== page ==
me, at the ministry of sound
It is a cold, wet, Thursday evening, the queue is a quarter of a mile long, there are girls with bare legs and no coats, there are boys with bum fluff goatees, and yes, I am attempting to gain access to a night- club. I am clearly wearing too many boots, full length trousers, sensible shirts, cardis, coats, gloves and scarves, and I am sporting a black eye. I look like a pervert. Perhaps not a complete pervert, but certainly odd enough to warrant questioning by the style police. Over 1,000 young people, see description above, and myself have been invited to celebrate the launch of a new magazine, Ministry: Clubbing's Only The Half Of It, the latest venture to come out of James Palumbo's Ministry of Sound stable. When eventually I am squeezed in to the club I gladly accept the free Sex On the Beach cocktail from the barman and try desperately to fit in. Next to me is a man called Peter Perfect (I later discover this is his stage name).
"Perfect is an unusual name," I shout over the music. "There was a woman called Christine Perfect in Fleetwood Mac, is she a relation of yours?" Nothing. "You know, you know," I insist, "Fleetwood Mac", and I hum a few bars from Rumours. Confusion spreads over my potential new friend's face. He is talking to an old woman (I am 34) and she is rambling.
"Uhh, not really," comes his guarded riposte, "They were a bunch old geezers with beards weren't they?" By now he would pay to get away from me. Upstairs I meet Candy, she used to be a cigarette girl at Quaglinos but gave it up because it interfered with her clubbing.
"Top Eye" she screeches, pointing at my extremely sore right socket. "Where did you get it done?" I start to explain that it was all rather silly really, that I got it from a bottle of exploding apple juice, but think better of it.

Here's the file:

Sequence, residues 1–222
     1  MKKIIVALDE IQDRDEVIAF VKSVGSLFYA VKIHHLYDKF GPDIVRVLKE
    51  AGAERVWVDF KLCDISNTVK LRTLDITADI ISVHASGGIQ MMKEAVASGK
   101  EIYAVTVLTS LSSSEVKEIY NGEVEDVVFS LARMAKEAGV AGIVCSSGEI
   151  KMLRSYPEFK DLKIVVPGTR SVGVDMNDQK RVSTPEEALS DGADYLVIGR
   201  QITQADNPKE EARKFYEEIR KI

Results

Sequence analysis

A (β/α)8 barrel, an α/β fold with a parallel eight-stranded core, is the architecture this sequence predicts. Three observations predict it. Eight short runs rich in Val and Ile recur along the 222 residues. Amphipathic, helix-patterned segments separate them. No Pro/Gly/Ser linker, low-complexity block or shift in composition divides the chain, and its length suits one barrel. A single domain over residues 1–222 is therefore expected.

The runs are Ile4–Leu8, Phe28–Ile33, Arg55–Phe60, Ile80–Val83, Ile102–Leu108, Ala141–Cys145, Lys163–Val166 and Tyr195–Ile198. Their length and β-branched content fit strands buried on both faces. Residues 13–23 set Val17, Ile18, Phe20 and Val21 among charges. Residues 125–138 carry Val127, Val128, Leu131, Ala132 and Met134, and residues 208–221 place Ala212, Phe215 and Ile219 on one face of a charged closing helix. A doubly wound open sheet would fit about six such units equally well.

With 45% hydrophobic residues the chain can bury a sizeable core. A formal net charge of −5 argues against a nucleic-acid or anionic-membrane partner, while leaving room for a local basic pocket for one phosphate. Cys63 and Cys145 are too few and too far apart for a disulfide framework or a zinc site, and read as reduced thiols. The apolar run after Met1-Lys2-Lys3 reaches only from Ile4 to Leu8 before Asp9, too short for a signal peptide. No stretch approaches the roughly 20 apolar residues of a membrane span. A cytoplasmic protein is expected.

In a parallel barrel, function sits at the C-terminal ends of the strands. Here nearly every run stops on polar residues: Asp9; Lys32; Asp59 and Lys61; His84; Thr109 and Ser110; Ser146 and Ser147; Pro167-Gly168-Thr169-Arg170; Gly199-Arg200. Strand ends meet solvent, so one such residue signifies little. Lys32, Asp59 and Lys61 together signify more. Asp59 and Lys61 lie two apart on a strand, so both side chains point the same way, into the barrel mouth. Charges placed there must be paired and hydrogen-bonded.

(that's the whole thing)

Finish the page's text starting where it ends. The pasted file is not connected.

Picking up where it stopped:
"I did it myself," I casually screech back. "Cool," says Candy. The walls of the heaving dance floor are plastered with the magazine's new coverlines; STYLE, SHAGS, LIFE. They are, according to Burden, a heavy techno DJ, the only three things you need. I find it difficult to argue with him, although I suggest that the first two are possibly a matter of personal choice. "Do you get much?" he inquires.
Earlier in the week, the walls of the Cobden Club in west London were sadly bereft of enticing coverlines. Instead, the gold-painted stucco cornicing played host to more than 600 assorted journalists and liggers out to quaff free Sapphire Gin and celebrate the publication of The Penguin Book of Columnists edited by Christopher Silvester. Even Carol Stone had RSVP'd before she realised she was hosting a little party of her own that evening. But the one person who didn't turn up for the books unveiling was Evening Standard editor Max Hastings. Max has still to recover from the time when Silvester walked up to him during a quiet drink at Brooks club and asked if it was true that he had been prosecuted by the RSPCA for beating his dog. Understandably Max went ballistic and has since vowed that the name Silvester will never grace the pages of the Evening Standard. As this story was being re-told later that evening, a young Associated Newspapers trainee leapt, quick as a flash, to the defence of his leader: "Max just wouldn't do that", he assured the intrigued circle of hacks. "He'd get someone else to do it for him."Reuse content